Apéritif and Digestif

dryness

Apéritifs and digestifs are drinks, typically alcoholic, served before (apéritif) or after (digestif) a meal. An apéritif is served to stimulate the appetite, and is therefore usually dry rather than sweet. A digestif is intended to aid digestion. When served after a coffee course, it may be called ‘pousse-café.’ Digestifs are usually taken straight and typically contain carminative herbs, which are thought to aid digestion. ‘Apéritif’ is a French word derived from the Latin verb ‘aperire,’ which means ‘to open.’ The French slang word for ‘apéritif’ is ‘apéro,’ although in France an ‘apéro’ is also light food eaten in the late afternoon/early evening.

Common apéritif choices include dry vermouth, champagne, pastis (an anise-flavored spirit from France), gin, and dry sherry (e.g. fino and amontillado). ‘Apéritif’ may also refer to a snack that precedes a meal. This includes an amuse-bouche (a single, bite-sized hors d’oeuvre), such as crackers, cheese, pâté or olives. Common kinds of digestif include: Brandy, Cream Sherry, Sweet Vermouth, Port, Grand Marnier, Jagermeister, Kahlua, limoncello, ouzo, and tequila. In certain areas, it is not uncommon for a digestif to be taken before a main course. One example is le trou Normand, a glass of Calvados taken before the main course of a meal.

In many countries, people drink alcoholic beverages at lunch and dinner. Studies have found that when food is eaten before drinking alcohol, alcohol absorption is reduced and the rate at which alcohol is eliminated from the blood is increased. The mechanism for the faster alcohol elimination appears to be unrelated to the type of food. The likely mechanism is food-induced increases in alcohol-metabolizing enzymes and liver blood flow.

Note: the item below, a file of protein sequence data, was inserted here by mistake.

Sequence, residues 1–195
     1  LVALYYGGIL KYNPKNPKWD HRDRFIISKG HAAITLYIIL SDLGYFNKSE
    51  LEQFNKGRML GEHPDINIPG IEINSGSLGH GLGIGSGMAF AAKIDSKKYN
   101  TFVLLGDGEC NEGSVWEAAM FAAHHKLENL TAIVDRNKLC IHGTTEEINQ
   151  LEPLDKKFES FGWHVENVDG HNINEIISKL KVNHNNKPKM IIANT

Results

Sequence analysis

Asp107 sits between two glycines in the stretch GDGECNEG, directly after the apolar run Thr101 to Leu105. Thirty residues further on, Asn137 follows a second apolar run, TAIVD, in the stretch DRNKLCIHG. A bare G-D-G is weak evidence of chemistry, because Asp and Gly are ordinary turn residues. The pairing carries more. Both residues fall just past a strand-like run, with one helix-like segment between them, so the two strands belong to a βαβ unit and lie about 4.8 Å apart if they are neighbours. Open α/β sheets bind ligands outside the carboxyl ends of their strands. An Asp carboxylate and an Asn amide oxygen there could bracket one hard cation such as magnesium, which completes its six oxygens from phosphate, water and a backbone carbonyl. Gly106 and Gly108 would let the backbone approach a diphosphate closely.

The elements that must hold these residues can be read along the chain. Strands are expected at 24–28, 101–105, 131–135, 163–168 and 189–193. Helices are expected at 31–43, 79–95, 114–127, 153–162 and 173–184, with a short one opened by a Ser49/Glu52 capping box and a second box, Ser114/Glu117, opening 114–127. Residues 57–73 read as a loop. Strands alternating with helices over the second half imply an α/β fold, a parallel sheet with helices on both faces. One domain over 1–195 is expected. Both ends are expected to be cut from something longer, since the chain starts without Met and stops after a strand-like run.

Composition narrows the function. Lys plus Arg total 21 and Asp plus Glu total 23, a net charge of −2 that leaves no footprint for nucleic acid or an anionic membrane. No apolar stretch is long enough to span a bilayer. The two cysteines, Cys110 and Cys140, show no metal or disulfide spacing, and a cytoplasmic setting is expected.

The landmark of aperitif birth is 1796, when Antonio Carpano created in Turin the recipe of vermouth. The apéritif was introduced in France in 1846 when a French chemist, Joseph Dubonnet, created his eponymous wine-based drink as a means of delivering malaria-fighting quinine. The medicine was a bitter brew, so he developed a formula of herbs and spices to mask quinine’s sharp flavor, and it worked so well that the recipe has remained well-guarded ever since. French Foreign Legion soldiers made use of it in mosquito-infested Northern Africa. Joseph’s wife was so fond of the drink that she had all her friends try it, and its popularity spread.

Apéritifs were already widespread in the 19th century in Italy, where they were being served in fashionable cafés in Rome, Genoa, Florence, Milan, Turin, and Venice. Apéritifs became very popular in Europe in the late 19th century. The popularity in Europe crossed the Atlantic and by 1900, they were also commonly served in the United States. The apéritif recrossed the Atlantic in the 1970s: the habit of a substantial food offering with the purchase of a drink during ‘Happy Hour’ in the States pushed the development of a more food-heavy apéritif in Italy as well. In Spain and in some countries of Latin America, apéritifs have been a staple of tapas for centuries.

There is no single alcoholic drink that is always served as an apéritif. Fortified wine, liqueur, and dry champagne are probably the most common choices. In France, the apéritif varies from region to region: pastis is popular in the south of France, Calvados brandy in the Normandy region, Crémant d’Alsace in the eastern region. Champagne wine or Cognac may also be served. Kir, also called Blanc-cassis, is a common and very popular apéritif-cocktail made with a measure of crème de cassis (black currant liqueur) topped up with white wine. The word Kir Royal is used when white wine is replaced with a Champagne wine. A simple glass of red wine, such as Beaujolais nouveau, can also be presented as an apéritif, accompanied by amuse-bouches.

In Italy, vermouth or wine may be served as the apéritif (called aperitivo). Aperol spritz and Campari with soda are also popular aperitivo drinks of choice. In Greece, ouzo is a popular choice, except on Crete, where it is very common to take some raki (an anise-flavored Turkish spirit) after a meal. In the Eastern Mediterranean, arak (a Levantine alcoholic spirit also in the anise drinks family) is served with meze (appetizers).

 

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